rfx3 - 460 trees - new cat setup - 0.96305
gini-score:0.919898981627662
CorCoefRR:0.634927047984772
Accuracy:0.886946585874578
LogLoss:NaN
AUC:1
RMSE:1.18522649708472
MAE:0.530871232940142
Rmsle:0.295421422778189
Calibration:0.0801010183723376

I mentioned before i should probably fix AUC, as that is really what ROC is. I did take a glance at it and didnt see anything obviously wrong, but before this is over I'll almost definitely have to get in there and fix it. I've continued using Gini 'cause it seems pretty close.

My next steps are to figure out if there is a way I can reduce noise and/or if there is a way I can increase the weight of correct values. In a different contest I wrote a mechanism that attempts to do a version of plat scaling https://en.wikipedia.org/wiki/Platt_scaling  (which really, is all my sigmoid splitters are) on the result to better pick whole number answers to an exact value. I didn't do a standard implementation which is very me. I worked really well. This contest does not use whole values though, so I'll have to go take a look at the code to see if I can make it work for that. To be clear, i intend on getting the appropriate weight for any given result from the plat scalling.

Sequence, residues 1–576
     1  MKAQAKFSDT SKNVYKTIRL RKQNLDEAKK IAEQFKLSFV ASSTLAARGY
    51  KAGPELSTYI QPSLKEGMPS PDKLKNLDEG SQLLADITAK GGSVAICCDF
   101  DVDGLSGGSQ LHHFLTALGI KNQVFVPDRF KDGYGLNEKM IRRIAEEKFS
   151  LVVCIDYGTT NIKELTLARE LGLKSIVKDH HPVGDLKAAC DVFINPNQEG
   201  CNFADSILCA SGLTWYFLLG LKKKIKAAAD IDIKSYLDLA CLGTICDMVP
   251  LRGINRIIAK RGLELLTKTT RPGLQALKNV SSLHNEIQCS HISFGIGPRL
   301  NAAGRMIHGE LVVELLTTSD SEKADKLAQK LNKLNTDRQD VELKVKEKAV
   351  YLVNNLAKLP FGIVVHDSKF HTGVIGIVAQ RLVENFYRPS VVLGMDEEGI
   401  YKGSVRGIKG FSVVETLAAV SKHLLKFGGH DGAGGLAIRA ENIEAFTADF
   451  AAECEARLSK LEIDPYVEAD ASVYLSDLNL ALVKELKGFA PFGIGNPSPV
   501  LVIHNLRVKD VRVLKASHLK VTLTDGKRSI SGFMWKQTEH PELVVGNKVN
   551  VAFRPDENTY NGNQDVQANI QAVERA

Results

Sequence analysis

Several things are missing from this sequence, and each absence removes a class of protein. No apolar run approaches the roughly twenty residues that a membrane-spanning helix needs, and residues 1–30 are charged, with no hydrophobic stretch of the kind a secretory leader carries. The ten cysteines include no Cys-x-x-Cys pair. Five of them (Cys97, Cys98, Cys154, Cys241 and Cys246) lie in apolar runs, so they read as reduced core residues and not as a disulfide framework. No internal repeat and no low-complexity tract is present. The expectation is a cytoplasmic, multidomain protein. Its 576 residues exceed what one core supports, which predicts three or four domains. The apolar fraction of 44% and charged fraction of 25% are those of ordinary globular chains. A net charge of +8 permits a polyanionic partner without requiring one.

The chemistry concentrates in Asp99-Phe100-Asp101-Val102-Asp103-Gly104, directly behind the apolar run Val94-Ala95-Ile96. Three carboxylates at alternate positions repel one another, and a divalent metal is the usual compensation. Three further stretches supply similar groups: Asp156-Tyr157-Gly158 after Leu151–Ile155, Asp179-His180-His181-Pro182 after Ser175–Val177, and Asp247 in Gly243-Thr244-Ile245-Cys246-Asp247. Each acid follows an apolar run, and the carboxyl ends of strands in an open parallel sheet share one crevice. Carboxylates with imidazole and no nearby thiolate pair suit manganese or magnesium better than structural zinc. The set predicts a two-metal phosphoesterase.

This doesn't directly handle another problem I'd like to fix. noise in the data. any given sample is fuzzy in nature. the values may be exact and correct, but the underlining truth of what it means is bell shaped. Ideally we would get at that truth and have empirical flags (or real values) come out of each feature that always gave the right answer when used correctly. I don't have a magic way to do that... yet. :) in the mean time the best thing we can do is find the features that do more harm than good. unfortunately the only way I have to do that is at this point is to brute force test removing each feature and seeing if there are gains or not. terrible, i know. its been running for about 24 hours and has found only 1 feature it thinks is worth turning off. And even that improvement was right on the line of what could be considered variance in my results. This is why you want higher cross validation, so you can say with much more certainty that you should do a change or not. I might stop it and pickup the search later (i can always resume where I left off). It's a good way to fill time productively when you are working or just not interested in programming.